Just when you thought things couldn’t get any stranger – a French Judge has convicted Continental Airlines of involuntary homicide for a piece of metal falling off one of their airplanes which is believed to contributed to the Air France Concorde crash in 2000. I am not terribly sure how the French Court could assign blame here – much less a criminal penalty.
The only thing I can see Continental guilty of, in my experience… Is losing bags.
A French judge ruled on Monday that Continental Airlines and one of its mechanics were guilty of involuntary homicide for their role in the 2000 crash of an Air France Concorde jet that killed 113 people.
Judge Dominique Andréassier of the court in Pontoise, northwest of Paris, ordered the American carrier to pay a fine of $265,000 and civil damages of more than $1.3 million to Air France. John Taylor, 42, the mechanic, was fined $2,650 and given a suspended 15-month prison sentence.
Henri Perrier, 81, considered the “father” of the iconic supersonic jet and an executive of Aérospatiale, the company that built the Concorde, and two other French officials, Jacques Hérubel, and Claude Frantzen, formerly of the French airline regulator who certified the plane’s airworthiness, were acquitted.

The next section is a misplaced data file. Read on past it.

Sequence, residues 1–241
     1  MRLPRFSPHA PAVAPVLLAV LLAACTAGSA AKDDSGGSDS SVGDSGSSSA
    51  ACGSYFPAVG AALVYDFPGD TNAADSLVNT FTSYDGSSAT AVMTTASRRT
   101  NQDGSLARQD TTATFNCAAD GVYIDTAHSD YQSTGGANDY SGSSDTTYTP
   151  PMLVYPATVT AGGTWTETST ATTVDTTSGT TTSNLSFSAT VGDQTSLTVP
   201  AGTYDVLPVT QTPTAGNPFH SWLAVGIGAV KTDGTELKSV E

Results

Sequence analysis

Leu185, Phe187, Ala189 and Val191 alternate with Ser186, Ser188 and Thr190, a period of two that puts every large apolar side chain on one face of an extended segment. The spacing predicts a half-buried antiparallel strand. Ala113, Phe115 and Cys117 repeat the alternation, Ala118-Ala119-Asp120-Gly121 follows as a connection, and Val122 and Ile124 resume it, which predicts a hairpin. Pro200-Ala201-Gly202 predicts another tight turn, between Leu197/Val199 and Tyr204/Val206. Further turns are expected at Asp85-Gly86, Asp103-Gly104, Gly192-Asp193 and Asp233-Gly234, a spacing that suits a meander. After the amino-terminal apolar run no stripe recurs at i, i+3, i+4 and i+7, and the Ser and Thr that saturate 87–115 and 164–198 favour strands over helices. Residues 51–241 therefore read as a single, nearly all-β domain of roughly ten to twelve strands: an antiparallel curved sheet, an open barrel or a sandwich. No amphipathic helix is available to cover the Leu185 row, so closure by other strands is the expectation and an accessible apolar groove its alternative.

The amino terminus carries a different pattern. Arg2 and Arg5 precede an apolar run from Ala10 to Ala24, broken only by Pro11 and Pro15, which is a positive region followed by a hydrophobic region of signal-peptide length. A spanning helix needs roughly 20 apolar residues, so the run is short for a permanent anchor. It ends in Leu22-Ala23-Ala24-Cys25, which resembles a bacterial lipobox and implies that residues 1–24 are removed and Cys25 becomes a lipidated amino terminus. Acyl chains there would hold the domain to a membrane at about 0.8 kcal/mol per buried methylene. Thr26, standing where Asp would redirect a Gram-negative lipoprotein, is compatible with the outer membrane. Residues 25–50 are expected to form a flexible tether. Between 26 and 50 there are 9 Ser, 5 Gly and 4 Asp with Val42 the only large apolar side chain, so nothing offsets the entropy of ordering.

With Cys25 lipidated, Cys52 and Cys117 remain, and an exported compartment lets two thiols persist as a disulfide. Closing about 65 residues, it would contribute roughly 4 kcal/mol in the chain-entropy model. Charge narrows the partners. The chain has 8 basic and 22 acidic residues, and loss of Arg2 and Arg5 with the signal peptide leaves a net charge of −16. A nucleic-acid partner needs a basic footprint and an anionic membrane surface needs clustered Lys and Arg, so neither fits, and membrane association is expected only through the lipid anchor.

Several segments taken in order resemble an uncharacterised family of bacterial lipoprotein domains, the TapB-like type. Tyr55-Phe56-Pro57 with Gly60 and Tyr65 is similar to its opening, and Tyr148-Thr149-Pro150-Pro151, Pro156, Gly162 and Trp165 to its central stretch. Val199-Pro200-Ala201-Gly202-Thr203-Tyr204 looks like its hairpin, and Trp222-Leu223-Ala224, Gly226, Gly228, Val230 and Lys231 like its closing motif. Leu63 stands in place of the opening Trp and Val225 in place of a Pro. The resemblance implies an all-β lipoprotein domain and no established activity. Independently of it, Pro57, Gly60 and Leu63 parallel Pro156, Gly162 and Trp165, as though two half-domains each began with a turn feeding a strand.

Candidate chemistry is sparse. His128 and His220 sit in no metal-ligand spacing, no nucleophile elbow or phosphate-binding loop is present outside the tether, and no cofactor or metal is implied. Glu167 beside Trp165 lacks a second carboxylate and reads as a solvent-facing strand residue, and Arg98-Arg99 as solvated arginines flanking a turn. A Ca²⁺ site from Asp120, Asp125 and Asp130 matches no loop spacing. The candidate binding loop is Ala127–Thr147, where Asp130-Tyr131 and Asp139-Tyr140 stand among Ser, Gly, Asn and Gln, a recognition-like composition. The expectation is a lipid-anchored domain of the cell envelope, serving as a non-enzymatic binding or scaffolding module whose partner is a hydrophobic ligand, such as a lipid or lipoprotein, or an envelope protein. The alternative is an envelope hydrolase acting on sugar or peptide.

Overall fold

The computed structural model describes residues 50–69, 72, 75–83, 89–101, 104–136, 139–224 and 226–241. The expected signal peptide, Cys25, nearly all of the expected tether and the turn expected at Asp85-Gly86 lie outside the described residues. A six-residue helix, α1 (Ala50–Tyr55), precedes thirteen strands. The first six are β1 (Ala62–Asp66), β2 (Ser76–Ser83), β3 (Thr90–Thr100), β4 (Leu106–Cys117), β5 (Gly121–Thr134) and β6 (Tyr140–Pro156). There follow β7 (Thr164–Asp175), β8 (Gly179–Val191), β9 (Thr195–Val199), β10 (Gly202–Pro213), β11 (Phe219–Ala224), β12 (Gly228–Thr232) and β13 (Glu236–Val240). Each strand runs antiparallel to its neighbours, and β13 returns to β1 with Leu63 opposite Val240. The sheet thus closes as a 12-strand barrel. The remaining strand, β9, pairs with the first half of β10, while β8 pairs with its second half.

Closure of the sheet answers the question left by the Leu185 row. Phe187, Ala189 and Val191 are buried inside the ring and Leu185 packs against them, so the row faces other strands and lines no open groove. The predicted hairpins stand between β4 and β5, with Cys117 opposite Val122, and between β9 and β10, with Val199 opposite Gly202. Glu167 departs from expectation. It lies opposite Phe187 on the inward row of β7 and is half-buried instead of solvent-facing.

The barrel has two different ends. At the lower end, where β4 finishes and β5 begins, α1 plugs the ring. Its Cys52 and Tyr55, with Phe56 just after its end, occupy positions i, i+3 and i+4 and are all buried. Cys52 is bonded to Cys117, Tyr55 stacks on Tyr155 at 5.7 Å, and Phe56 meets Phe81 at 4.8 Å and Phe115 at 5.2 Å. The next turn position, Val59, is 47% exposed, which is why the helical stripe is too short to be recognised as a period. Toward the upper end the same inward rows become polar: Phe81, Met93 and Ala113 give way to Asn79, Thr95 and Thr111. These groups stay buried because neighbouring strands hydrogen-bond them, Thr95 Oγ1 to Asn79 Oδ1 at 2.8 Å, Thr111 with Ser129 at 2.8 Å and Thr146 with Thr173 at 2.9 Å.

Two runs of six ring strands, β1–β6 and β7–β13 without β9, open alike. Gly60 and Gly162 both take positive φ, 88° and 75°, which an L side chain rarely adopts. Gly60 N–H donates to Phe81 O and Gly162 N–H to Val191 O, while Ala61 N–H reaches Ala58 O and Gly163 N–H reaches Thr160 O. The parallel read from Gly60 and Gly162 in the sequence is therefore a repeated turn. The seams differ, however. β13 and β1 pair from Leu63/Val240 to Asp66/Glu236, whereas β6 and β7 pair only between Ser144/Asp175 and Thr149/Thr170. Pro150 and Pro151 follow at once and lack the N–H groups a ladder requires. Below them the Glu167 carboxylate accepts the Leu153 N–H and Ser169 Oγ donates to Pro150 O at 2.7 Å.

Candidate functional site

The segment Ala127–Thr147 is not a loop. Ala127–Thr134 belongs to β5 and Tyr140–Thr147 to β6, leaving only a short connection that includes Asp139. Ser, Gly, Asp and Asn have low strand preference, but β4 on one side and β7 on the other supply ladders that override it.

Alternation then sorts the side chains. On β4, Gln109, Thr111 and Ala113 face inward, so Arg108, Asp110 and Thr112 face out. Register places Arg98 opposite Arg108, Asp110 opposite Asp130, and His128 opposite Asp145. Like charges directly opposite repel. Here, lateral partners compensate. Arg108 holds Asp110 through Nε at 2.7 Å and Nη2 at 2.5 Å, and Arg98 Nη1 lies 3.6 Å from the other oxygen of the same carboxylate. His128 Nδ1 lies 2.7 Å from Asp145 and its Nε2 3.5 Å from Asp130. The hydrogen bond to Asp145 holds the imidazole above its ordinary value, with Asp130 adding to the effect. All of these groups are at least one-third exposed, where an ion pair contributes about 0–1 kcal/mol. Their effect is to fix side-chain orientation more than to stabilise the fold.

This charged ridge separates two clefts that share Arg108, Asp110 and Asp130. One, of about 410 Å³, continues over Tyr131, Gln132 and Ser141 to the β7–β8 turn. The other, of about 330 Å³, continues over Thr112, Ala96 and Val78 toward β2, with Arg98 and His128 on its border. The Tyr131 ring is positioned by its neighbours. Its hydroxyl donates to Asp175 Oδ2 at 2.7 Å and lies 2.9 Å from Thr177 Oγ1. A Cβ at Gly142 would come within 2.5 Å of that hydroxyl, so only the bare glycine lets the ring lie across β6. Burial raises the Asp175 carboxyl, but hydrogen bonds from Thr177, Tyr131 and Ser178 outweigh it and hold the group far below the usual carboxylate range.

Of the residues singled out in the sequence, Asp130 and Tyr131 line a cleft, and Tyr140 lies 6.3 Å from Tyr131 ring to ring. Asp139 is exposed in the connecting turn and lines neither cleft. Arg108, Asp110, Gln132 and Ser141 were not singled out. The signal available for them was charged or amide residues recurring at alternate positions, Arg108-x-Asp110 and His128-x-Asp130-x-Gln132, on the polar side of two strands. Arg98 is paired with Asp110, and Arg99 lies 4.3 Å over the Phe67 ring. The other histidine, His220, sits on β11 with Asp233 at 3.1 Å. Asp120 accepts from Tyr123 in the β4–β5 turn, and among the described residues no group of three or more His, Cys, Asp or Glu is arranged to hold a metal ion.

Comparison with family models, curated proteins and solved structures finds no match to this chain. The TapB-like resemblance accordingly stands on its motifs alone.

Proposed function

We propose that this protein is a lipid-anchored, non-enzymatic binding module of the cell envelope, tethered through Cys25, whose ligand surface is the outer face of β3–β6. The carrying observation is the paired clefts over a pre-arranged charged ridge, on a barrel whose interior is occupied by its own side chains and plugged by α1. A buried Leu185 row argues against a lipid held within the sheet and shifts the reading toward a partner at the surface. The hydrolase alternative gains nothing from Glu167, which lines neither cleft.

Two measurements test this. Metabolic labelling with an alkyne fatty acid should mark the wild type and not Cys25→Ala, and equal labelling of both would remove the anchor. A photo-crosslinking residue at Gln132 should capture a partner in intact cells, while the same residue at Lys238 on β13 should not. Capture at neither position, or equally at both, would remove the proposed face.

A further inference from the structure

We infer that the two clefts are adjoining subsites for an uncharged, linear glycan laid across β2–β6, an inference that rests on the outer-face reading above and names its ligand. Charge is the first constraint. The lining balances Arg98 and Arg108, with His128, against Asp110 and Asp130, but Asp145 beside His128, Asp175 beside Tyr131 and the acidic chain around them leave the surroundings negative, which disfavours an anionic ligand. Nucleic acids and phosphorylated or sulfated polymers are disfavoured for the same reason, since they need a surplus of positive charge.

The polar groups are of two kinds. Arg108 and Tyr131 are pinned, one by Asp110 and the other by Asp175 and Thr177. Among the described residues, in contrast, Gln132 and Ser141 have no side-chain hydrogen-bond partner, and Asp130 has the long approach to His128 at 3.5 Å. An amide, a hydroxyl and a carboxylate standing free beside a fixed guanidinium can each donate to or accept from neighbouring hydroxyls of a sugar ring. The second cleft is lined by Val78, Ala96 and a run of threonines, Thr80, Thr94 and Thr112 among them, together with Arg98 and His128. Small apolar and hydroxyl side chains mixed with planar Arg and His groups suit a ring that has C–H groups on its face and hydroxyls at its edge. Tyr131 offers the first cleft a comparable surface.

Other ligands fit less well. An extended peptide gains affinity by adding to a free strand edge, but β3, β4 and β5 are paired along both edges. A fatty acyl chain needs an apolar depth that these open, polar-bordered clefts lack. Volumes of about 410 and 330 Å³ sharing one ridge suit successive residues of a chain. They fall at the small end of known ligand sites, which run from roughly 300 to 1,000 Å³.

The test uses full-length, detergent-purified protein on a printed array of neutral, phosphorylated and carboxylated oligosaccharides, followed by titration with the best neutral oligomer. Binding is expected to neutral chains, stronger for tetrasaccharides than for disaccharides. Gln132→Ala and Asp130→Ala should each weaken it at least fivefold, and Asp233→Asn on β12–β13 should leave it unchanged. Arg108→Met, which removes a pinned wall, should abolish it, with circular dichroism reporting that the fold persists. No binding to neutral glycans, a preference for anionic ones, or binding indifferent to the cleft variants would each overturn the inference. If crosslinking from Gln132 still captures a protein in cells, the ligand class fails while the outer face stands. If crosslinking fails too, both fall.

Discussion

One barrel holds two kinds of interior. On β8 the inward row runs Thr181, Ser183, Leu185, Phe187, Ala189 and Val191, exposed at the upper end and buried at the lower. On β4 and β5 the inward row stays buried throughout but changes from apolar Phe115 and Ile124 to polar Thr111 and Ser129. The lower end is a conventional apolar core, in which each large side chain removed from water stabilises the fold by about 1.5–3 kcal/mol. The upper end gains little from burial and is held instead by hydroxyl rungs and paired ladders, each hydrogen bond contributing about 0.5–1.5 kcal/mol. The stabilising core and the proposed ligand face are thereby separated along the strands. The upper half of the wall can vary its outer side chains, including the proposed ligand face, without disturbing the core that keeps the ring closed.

A 2002 report by French air accident investigators concluded that a small strip of metal had fallen off a Continental DC-10 that took off minutes earlier and that the piece punctured a tire of the Concorde as it accelerated down the runway on July 25, 2000. The tire disintegrated in seconds, investigators said, sending shards of rubber into the fuel tanks and causing a catastrophic fire. All 109 passengers and crew members were killed, along with 4 people on the ground.
Olivier Metzner, the French lawyer for Continental in the case, vigorously challenged the investigators’ findings in court, however, and presented a starkly different scenario. Mr. Metzner argued that the investigators disregarded accounts of the accident from more than 20 witnesses who said the plane appeared to have caught fire at a point on the runway several yards before it reached the metal strip.
Continental said it would appeal the “absurd” ruling, which took more than a decade to work its way through the French courts. “To find that any crime was committed in this tragic accident is not supported either by the evidence at trial or by aviation authorities and experts around the world,” Nick Britton, a Continental spokesman, said in an e-mailed statement.